Back to the festival! Clunky bags over our shoulders, we braved the rain again, and wedged ourselves into a yellow school bus alongside thirty-ish wet, muddy, cheerful people. They waved around handheld radios, laughing and exchanging call numbers. Every other word was “EXCITED!” or “FINALLY!” or “MUSIC FESTIVALS!” until the bus had finally inched to the festival entrance, and we all piled out back into the mud. A dirt mud road wound between stands and tents and poncho-clad festival-goers, and opened up onto a big open field mudbath — tents sold fried noodles, breakfast burritos, ice cream, coffee; rain drenched exposed faces and clothes and the hair of people who had given up and had taken off their raingear long ago. People slipped and fell and lost their shoes in the mud; they lost cellphones too, probably, and wallets. Tents were packed together off the road in thickets; you slid or stumbled to get from one to the other. Or fell.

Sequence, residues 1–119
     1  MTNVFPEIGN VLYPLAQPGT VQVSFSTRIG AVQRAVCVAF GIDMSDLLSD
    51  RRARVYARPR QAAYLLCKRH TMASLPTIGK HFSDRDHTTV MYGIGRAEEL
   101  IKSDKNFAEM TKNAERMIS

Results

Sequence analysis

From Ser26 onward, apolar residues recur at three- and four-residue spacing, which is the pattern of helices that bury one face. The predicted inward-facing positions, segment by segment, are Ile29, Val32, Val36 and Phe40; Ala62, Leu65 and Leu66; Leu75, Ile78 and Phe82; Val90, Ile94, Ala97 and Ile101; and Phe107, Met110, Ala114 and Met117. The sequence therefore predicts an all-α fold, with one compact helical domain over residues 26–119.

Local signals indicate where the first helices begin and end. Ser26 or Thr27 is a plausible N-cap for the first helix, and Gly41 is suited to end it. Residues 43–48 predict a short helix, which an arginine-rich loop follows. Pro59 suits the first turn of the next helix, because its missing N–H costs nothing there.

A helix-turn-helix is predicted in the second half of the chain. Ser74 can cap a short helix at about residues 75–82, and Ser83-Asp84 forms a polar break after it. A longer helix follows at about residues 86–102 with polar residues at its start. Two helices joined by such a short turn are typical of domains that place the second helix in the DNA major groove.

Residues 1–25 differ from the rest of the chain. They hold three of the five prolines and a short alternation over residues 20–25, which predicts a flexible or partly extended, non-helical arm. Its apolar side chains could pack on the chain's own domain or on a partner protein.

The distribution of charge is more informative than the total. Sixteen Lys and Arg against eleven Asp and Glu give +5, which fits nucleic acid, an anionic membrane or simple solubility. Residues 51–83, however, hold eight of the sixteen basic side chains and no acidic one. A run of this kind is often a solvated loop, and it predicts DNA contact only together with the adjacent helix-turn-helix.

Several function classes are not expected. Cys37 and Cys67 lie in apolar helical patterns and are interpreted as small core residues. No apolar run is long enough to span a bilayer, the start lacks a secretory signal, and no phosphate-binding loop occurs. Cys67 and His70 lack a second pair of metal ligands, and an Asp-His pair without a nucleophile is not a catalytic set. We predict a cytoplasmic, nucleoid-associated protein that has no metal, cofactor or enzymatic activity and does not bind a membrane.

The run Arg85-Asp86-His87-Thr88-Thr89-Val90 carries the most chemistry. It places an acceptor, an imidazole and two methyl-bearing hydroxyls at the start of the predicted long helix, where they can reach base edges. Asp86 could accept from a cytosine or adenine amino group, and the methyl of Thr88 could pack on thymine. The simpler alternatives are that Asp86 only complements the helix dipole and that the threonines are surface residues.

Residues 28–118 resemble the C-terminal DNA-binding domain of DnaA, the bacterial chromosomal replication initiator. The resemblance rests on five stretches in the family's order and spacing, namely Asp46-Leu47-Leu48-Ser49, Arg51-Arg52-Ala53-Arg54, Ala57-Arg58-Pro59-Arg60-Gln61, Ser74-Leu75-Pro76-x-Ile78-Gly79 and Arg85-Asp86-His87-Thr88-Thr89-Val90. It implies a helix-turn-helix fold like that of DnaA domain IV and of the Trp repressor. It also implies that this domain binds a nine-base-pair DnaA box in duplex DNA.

By the cluster of port-a-potties, there was one of the coolest vehicles I have ever laid eyes on.
Was sorely tempted to steal it and drive it back to campus. Resisted. Anyway, we waited around the central fountain, took a picture (smiling, in spite of it all!) and met up with our friend.
Turns out that our friend, and the other grad students, brought a home-made wooden painting of Carl Sagan, which they waterproofed and mounted on a stick. Here’s Raphael with it (and my friend Trey photobombing in the background):
Yes. That really happened.